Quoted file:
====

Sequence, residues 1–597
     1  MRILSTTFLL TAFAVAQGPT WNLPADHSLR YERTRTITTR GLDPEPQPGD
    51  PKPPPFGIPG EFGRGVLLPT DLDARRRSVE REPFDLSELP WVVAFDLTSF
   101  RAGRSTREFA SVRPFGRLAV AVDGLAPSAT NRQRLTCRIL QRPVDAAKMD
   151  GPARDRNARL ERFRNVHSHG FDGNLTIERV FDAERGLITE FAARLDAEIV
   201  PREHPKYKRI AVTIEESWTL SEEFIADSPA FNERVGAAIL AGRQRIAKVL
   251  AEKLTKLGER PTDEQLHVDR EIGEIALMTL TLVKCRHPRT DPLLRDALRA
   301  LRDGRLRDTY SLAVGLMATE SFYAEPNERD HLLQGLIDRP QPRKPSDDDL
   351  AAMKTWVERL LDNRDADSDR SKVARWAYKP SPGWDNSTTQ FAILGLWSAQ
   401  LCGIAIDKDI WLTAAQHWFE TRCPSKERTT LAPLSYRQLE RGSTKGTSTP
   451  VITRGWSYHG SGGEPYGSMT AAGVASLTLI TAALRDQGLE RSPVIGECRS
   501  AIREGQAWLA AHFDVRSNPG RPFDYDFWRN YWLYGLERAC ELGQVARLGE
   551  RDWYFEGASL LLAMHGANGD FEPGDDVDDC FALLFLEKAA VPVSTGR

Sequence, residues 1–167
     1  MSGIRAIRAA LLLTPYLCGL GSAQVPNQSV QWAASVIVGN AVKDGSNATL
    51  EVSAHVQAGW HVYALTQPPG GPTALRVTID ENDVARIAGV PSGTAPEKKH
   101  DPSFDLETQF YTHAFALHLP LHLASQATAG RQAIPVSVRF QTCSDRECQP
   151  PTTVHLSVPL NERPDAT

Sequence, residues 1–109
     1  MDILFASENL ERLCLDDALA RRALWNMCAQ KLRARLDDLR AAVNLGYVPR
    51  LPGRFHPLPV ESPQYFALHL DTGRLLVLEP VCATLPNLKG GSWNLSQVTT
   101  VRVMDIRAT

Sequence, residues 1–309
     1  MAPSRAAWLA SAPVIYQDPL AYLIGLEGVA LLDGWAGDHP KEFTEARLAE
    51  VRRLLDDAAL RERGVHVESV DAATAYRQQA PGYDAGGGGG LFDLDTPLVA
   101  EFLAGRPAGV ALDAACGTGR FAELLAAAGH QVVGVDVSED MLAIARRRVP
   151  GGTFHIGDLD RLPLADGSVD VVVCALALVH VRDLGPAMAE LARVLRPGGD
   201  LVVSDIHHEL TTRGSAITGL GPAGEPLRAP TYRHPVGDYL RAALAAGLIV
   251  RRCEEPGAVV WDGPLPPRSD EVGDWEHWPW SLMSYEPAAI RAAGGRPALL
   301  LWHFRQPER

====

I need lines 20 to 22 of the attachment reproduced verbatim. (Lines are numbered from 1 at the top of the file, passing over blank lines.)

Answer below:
     1  MDILFASENL ERLCLDDALA RRALWNMCAQ KLRARLDDLR AAVNLGYVPR
    51  LPGRFHPLPV ESPQYFALHL DTGRLLVLEP VCATLPNLKG GSWNLSQVTT
   101  VRVMDIRAT